Cryptocurrencies are giving us the creeps. Word has spread like wildfire around the world about one such particular digital currency called Bitcoin, and how it has brought fortunes to some global currency market traders and risk-defying investors in a matter of days or weeks. But like any get-rich-quick schemes in the past, the Bitcoin temptation appears to have lured enough people into a bubble that is now threatening to burst big time in the face of greed.
Bitcoin is a form of money in the cyber world that is not tied to any asset or bank or government, but buying and spending it is legal in many countries, including the United States and the Philippines; it may be acquired and spent via the Internet to pay for any purchase transacted online, outside of any bank regulations or the need for a middleman.
It was invented in early 2009 with no intrinsic value by someone who introduced himself as Satoshi Nakamoto. Then a guy named Koch bought 5,000 bitcoins later that year for a total of $27, which in 2013 grew in net worth to $886,000, according to a report by MarketWatch. Trading in the virtual currency is run on the Internet by a technology called Blockchain. People have since been using it to book flights or hotels or buy any merchandise online. They can buy Bitcoins using any currency from marketplaces called “bitcoin exchanges,” and keep the virtual coins in their digital “Wallets,” which are virtual “bank” accounts that allow them to trade anonymously.
This month Bitcoin hit a peak of $19,000 on the Bitcoin exchanges. That shows how big the surge in its value has been since its price of $1,139.9 at the beginning of 2017.
That alone would spook any investor or trader worth his salt about the catch when this cyberfever blows over. Even Cinderella’s story has an element of agonizing hardships as a slave before she became a bride princess to a rich prince. The Bitcoin narrative is nothing like Cinderella’s story at all, but seems to make it too easy for one to become a dollar millionaire overnight – though one must have the smarts to play with a complex series of numbers that is the language of Blockchain.
Although every transaction is recorded in a public log, the record only shows the trader’s Wallet ID – his or her real name is not revealed. It is easy to understand why Bitcoin has become a favorite currency among hackers and those buying drugs or doing other illegal activities online.
Besides such concerns, much of the fear generated by Bitcoin among the mature investors and regulators is the extent of market speculation that has been driving the virtual value of this digital currency through the roofs.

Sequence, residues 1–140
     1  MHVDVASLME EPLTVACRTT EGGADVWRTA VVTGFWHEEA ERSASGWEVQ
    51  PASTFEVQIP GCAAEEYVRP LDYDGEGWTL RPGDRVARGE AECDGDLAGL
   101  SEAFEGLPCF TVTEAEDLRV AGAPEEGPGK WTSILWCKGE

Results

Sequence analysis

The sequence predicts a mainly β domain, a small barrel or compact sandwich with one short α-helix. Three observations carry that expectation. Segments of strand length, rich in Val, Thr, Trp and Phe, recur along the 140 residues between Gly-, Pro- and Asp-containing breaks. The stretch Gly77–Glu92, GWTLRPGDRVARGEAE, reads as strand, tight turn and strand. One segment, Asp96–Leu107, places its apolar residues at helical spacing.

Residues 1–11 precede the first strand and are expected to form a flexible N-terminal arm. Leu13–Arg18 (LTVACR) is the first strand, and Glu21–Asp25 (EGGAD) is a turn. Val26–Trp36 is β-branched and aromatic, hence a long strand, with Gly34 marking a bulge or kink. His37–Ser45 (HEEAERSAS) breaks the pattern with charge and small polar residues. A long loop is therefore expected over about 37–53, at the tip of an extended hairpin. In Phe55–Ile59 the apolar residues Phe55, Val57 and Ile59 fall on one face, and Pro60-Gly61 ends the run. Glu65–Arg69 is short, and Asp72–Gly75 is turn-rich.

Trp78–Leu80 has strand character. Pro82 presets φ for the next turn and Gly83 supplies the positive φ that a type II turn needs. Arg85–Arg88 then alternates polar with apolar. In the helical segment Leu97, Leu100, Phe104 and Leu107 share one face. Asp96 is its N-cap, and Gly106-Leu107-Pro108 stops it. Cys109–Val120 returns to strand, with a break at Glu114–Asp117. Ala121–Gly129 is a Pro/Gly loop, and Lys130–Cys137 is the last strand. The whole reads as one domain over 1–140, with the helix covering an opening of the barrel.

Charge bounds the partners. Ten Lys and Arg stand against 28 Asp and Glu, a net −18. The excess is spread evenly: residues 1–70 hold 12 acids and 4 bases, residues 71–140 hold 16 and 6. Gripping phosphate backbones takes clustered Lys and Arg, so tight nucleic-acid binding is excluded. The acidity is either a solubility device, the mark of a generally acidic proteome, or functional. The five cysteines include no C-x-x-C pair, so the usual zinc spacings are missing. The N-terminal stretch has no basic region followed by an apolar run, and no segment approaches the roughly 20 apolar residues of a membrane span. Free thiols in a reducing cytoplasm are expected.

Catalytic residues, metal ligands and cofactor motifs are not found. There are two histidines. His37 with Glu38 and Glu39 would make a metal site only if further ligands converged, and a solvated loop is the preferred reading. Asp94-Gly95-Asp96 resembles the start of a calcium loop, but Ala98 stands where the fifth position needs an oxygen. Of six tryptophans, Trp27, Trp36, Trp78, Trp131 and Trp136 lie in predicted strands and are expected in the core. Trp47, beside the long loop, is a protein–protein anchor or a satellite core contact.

A large part of the virtual currency’s surge is driven by hype, which should make people engaged in it worried. As an investment tool, it may not deliver what holders expect it to deliver, or could even spell bankruptcy if one is not alert and quick enough to get out.
That is why the Korean government started cracking down on Bitcoin trading this week, announcing on Thursday all cryptocurrency transactions must be done using real-name bank accounts, as reported by Chosun Ilbo. Seoul is also considering levying transfer and exchange taxes on cryptocurrency trading, as well as other options including calls to shut down exchanges, it said.
The Philippines has a tiny market for Bitcoin trading. The latest central bank data shows the monthly average transaction value of the Bitcoin has grown to $6 million this year from $2 million in 2015. But Bitcoin is now used for remittance services, which account for a big chunk of the country’s foreign currency inflows and fuels local economic activity.
Bangko Sentral ng Pilipinas governor Ernesto Espenilla Jr. admitted the other day the monetary authorities realize pragmatically that “even as we talk, it grows, whether or not we like it. So rather than prohibit something that is very hard to prohibit anyway, we chose to engage, and the industry has accepted that engagement to the BSP.”
We can trust the BSP to protect the Filipino market trading and using Bitcoin however tiny the local market is at present. It is good to know the central bank imposes obligations to fulfill anti-money laundering commitments.
But the temptation of quick, easy and tremendous windfall will always be present as long as the Internet is alive. Filipino traders and investors must heed the expert warnings to “invest responsibly,” and especially that part that says, “be scared when everybody’s greedy…”